Mira Str.40-2, 222307, Molodechno Belarus
Abstract: This article presents the results of radio observations made in August 2021. The results of the radio observations are compared with the CAMS video network summaries.
The observations were carried out at a private astronomical observatory near the town of Molodechno (Belarus) at the place of Polyani. A 5 element-antenna directed to the west was used, a car FM-receiver was connected to a laptop with as processor an Intel Atom CPU N2600 (1.6 GHz). The software to detect signals is Metan (author – Carol from Poland). Observations are made on the operating frequency 88.6 MHz (the FM radio station near Paris broadcasts on this frequency). The “France Culture” radio broadcast transmitter (100 kW) I use is at about 1550 km from my observatory which has been renewed in 1997.
2 Automatic observations
High activity of the Perseids (#0007) was recorded from August 11 to 14. Increased activity of meteor signals around August 17 may be associated with the activity of the meteoroid stream KCG (#0012).
According to IMO visual data, high Perseid activity lasted from August 13 to 15 (https://www.imo.net/members/imo_live_shower?shower=PER&year=2021), see also Miskotte et al. (2021), which correlates satisfactorily with radio observation data. The origin of the short burst of activity on August 11 from 11h to 15h UT, is unclear. Perhaps this event is related to a short flaring up of the Perseids. Increased shower activity was recorded between 16h–19h UT on August 14 and 01h–06h UT on August 15.
Figure 1 shows the hourly rates of radio meteors in August 2021 at 88.6 MHz. Figure 2 shows the corresponding heat map.
3 Listening to radio echoes on 88.6 MHz
Listening to the radio signals 1 to 3 times a day for one hour was done in order to control the level of the hourly rates, as well as to distinguish between periods of tropospheric passage and other natural radio interference. The total effective listening time was 59 hours.
The radio listening method shows a peak of Perseid activity on the night of August 13 to 14, with activity of about 150 meteor signals per hour. The origin of the high signal activity on August 28 is unknown (some increase in meteor activity on August 28 is also apparent from automatic observations). It is possible there has been an overlap of several small meteor showers. The peak around August 31 is probably due to the activity of the Aurigids (#0206).
In order to quickly search for signals of the radio fireballs, the program SpectrumLab was running in parallel to the Metan program. Screenshots were saved every 10 minutes. The search for fireball events was performed visually by viewing many thousands of screenshots obtained over a month. Then, we selected fireball events from the log files of the Metan program. For fireball activity statistics, I have selected signals from the log files with a peak power greater than 10000 as fireballs and with a signal duration greater than 10 seconds. Figure 4 shows the daily activity of the fireball radio signals. Figure 5 displays one of the fireball radio echoes.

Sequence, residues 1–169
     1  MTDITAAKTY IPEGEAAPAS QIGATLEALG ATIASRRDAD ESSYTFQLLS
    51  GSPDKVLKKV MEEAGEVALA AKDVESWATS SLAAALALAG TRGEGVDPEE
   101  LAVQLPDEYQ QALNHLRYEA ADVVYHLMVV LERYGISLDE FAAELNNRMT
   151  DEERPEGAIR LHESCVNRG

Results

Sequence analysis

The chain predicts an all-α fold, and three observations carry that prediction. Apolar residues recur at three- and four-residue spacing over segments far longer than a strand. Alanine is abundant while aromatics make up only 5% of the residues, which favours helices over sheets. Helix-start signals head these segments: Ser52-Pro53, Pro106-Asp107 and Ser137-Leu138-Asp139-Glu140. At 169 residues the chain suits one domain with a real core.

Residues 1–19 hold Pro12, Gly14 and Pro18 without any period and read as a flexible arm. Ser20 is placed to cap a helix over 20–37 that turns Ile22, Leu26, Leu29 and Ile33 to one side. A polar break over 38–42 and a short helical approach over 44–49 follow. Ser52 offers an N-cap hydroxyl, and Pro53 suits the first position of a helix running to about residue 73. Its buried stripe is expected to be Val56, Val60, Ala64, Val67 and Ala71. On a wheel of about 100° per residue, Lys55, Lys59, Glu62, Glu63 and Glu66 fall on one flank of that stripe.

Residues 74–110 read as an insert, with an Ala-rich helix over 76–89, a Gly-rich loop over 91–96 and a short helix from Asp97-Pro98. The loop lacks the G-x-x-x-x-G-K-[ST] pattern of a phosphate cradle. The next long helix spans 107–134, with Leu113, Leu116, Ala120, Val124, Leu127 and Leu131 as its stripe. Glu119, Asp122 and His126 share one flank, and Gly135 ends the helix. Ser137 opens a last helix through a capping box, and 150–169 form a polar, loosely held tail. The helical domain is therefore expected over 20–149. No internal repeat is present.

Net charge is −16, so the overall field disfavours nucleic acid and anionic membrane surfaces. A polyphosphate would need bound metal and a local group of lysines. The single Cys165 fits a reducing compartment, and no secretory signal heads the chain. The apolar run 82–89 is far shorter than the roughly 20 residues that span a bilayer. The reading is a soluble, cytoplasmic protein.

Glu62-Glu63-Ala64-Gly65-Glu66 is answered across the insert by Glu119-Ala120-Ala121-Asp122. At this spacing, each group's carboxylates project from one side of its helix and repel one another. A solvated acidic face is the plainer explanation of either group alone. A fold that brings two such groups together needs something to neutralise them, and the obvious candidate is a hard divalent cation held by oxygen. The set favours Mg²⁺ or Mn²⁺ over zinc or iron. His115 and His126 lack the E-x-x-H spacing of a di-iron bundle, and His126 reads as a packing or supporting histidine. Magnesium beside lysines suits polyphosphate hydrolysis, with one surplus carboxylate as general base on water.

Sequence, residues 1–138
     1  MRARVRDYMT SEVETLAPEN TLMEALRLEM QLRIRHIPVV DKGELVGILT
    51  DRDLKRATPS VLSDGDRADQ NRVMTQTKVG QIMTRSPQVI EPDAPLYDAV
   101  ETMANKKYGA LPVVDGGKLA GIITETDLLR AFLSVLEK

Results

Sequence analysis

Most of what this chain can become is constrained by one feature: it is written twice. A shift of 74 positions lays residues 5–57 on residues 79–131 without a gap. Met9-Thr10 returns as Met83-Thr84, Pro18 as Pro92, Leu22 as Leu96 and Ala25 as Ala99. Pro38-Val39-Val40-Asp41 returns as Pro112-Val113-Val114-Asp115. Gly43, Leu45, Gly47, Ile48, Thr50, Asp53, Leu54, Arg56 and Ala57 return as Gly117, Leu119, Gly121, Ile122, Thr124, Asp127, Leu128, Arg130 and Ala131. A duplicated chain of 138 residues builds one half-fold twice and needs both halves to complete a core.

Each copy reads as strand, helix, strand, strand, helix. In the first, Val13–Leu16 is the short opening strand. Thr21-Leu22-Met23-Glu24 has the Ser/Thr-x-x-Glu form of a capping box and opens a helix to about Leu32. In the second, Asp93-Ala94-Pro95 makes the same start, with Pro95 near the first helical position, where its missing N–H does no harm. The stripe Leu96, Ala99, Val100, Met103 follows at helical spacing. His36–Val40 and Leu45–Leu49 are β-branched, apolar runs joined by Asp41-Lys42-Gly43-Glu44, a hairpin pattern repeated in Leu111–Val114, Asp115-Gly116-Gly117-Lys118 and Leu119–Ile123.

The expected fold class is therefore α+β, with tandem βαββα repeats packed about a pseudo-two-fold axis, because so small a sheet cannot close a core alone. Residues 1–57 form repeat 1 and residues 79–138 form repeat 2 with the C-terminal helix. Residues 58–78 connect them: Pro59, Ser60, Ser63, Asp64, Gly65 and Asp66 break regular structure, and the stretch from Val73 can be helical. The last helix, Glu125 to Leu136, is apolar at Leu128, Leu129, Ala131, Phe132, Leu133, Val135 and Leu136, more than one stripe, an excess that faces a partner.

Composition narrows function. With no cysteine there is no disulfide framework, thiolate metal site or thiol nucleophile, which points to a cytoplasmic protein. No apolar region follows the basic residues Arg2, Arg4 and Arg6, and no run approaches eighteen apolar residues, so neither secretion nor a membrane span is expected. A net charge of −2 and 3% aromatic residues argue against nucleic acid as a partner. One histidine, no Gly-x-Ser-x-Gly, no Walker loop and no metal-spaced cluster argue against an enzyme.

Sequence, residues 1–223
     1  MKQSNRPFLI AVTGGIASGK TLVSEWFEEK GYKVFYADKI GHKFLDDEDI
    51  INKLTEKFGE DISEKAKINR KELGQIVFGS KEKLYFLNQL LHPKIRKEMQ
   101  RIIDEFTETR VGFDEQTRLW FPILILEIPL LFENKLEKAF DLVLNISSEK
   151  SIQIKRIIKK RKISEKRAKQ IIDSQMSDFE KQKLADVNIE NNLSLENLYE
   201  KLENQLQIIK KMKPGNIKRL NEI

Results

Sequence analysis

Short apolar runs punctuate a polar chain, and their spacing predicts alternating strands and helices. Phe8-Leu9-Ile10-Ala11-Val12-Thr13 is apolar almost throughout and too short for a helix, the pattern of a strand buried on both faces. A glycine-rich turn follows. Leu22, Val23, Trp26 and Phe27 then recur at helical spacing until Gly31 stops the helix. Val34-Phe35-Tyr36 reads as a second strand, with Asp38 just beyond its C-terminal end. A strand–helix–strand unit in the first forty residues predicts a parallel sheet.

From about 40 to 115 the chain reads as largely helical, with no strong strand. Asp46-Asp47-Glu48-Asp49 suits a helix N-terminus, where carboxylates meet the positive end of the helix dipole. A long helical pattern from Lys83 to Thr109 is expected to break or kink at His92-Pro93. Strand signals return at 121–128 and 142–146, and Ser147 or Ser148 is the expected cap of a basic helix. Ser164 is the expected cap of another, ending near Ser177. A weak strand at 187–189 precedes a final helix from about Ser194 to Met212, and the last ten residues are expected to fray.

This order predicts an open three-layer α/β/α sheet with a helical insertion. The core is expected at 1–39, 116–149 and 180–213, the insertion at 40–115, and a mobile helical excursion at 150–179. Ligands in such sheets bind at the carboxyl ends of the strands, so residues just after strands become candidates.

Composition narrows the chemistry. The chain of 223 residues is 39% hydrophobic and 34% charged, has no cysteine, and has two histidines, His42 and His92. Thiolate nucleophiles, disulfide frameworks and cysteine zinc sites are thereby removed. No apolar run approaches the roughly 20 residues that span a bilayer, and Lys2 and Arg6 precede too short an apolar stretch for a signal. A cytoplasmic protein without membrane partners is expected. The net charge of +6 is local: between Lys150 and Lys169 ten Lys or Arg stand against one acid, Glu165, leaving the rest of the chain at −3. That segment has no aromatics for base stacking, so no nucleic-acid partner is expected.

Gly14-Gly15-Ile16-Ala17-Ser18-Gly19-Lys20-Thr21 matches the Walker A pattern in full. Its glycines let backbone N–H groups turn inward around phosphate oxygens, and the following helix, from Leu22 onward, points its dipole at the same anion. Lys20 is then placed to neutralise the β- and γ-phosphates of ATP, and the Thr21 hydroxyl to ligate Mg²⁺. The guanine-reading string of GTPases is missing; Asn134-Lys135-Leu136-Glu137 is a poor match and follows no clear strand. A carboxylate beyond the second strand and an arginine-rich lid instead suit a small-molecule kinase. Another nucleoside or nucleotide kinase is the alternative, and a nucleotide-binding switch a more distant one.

From the fireball activity profile, we can conclude that the peak activity of the bolides occurred on August 13, about 75 bolides were recorded that day. The peak of fireballs activity on August 17 is probably due to the KCG (#012), the peak on August 30 may be due to the AUR (#0206), when large particles cross Earth’s orbit one day earlier than the main mass of meteoroids with a peak activity on August 31 according to the IMO table (Rendtel, 2020).
5 Preliminary CAMS Data
Figure 6 shows the total daily activity of meteors from the CAMS video network data (Jenniskens et al., 2011). There is a noticeable correlation between the activity level of sporadic meteors and the activity level of shower meteors. The preliminary CAMS data has been used like it was available on September 12.
From August 1 to 11, the abundance of shower meteors was comparable to, or slightly above, the level of sporadic meteor activity. On August 12 and 13, the Perseids made the level of shower meteors nearly 2–3 times larger than the sporadic background. Between August 16 and 31, the shower meteors were 2–5 times less active than the sporadic background.
There is a satisfactory correlation between the methods of automatic signal detection and the method of listening to the radio echoes by manual counting of the number of meteor signals. The radio data correlates satisfactorily with the CAMS video network data. The advantage of the radio listening method is the efficiency in terms of “scanning” the level of signal activity, i.e., the observer knows in real time what is happening at the sky in the radio band. The profile of the fireball activity satisfactorily correlates with the activity profile of the shower meteors from preliminary the CAMS data!
I would like to thank Sergey Dubrovsky for the software he developed for data analysis and processing of radio observations (software Rameda). I thank Carol from Poland for the Metan software. Thanks to Paul Roggemans for his help in the lay-out and the correction of this article.
Jenniskens P., Gural P. S., Dynneson L., Grigsby B. J., Newman K. E., Borden M., Koop M., Holman D. (2011). “CAMS: Cameras for Allsky Meteor Surveillance to establish minor meteor showers”. Icarus, 216, 40–61.
Miskotte K., Sugimoto H., Martin P. (2021). “The big surprise: a late Perseid outburst on August 14, 2021!”. eMetN, 6, xxx – xxx.
Rendtel J. (2020). “Meteor Shower Calendar”. IMO.